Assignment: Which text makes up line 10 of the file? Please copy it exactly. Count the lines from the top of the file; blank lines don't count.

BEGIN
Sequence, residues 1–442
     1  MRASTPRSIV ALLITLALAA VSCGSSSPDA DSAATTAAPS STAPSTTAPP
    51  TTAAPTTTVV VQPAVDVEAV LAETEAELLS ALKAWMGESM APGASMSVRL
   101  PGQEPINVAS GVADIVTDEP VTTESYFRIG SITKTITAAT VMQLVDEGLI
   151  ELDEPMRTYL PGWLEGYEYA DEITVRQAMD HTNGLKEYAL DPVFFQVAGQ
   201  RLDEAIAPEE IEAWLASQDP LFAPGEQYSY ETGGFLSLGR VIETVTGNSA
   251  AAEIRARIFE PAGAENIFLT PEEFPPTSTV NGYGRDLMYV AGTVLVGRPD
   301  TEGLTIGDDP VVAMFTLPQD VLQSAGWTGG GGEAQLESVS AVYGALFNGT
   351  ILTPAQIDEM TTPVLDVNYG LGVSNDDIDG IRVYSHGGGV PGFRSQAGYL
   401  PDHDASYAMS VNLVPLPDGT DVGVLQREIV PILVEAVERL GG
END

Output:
   401  PDHDASYAMS VNLVPLPDGT DVGVLQREIV PILVEAVERL GG